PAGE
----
No one enjoys being criticized. It’s a bruise to our egos and frustrating when our best efforts are being slammed. But not all criticism is bad. In fact, the Bible tells us, “wounds from a friend can be trusted” (Prov. 27:6). If you’re a leader—whether it be in a business, church, community, or anywhere else—you have the responsibility to talk to your critics and respond thoughtfully to their complaints and concerns.
However, sometimes a critic will be so bent on his own opinion that no response you give will make a difference. It’s important to know the difference between this unreasonable critic and a reasonable one. So, when do you respond, and when do you ignore your critic? In his latest post, Thom Rainer shares four occasions you should not respond to a critic. They are:
1. When you have already responded.
2. When the critic intends harm.
3. When the critic will not reason.
4. When the criticism becomes an ad hominem attack (an attack on your character and not the issue at hand).
As Thom points out, it’s best to do as Nehemiah did when his critics wanted to “talk” with him (but were really determined to harm him).
“Sanballet and Geshem sent me a message: ‘Come let’s meet together in the valley.’ But they were planning to harm me. So I sent messengers to them, saying, ‘I am doing a great work and cannot come down. Why should the work cease while I leave it and go down to you?’ Four times they sent me the same proposal, and I gave them the same reply.” (Nehemiah 6:2-4, HCSB)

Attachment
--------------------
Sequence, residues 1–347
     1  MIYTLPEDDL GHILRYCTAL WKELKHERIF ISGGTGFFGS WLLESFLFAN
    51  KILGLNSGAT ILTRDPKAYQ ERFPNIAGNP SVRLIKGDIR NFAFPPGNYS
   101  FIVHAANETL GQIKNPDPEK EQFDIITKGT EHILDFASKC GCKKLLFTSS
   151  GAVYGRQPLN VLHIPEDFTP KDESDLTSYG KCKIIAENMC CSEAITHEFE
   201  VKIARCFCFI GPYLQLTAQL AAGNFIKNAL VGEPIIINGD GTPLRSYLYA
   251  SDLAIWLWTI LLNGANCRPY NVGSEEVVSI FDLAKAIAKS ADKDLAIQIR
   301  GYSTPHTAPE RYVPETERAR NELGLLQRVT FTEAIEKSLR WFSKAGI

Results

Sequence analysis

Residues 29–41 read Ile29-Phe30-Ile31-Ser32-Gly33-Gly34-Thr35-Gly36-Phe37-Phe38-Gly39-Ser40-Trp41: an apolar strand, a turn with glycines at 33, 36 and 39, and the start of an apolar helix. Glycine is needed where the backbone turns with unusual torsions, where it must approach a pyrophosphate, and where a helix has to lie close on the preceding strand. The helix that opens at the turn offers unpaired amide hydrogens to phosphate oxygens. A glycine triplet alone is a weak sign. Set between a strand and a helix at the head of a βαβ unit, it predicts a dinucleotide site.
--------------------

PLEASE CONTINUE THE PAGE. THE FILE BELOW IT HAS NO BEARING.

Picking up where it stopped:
Nehemiah recognized that no good could come from meeting with his critics, and he chose to ignore them. Of course, our response should not always be this. More likely than not, your critic just feels passionately about his own ideas and want his voice to be heard. He’s not out to get you, he just wants others to see his side of the matter.
So, if we’re going to respond to a critic, what are some positive ways to go about it? Dr. Ray Pritchard shares a few habits we should form when dealing with criticism.
1.Listen. Listening takes humility, a character trait the Bible encourages us to cultivate. It should be our default setting.
2. Don’t overreact. “Be quick to listen, slow to speak, slow to become angry,” James wisely advices. Wait awhile before responding. Really consider the other person’s idea.
3. Talk about it. When you’re no longer reacting out of frustration, approach the person and have a discussion.
4. Learn from it. Criticism can be an incredible self-improvement tool. Don’t let hurt feelings keep you from seeing the value in what someone is saying.
5. Pray about it. If you’re not sure what to do with a criticism given to you, take it to God. “If any of you lacks wisdom, he should ask God, who gives generously to all without finding fault, and it will be given to him” (James 1:5).
6. Thank God for it. Dr. Pritchard explains, “The criticism may be way off base, but God intends it for some good purpose in your life anyway. Seen in that light, your critics are God’s servants for your good so thank them even if you disagree with what they say.”
7. Forget about it. If you’ve taken the criticism seriously enough to listen, think, talk about it and learn from it, then it’s fulfilled its purpose and you can let go of whatever hurt you felt in the process.
If you’re a leader, you’ll no doubt face critics. Being able to recognize a valid criticism from an irrational one is an important skill, a skill God gave to Nehemiah and will surely give to you.
Kelly Givens is the editor of iBelieve.com.
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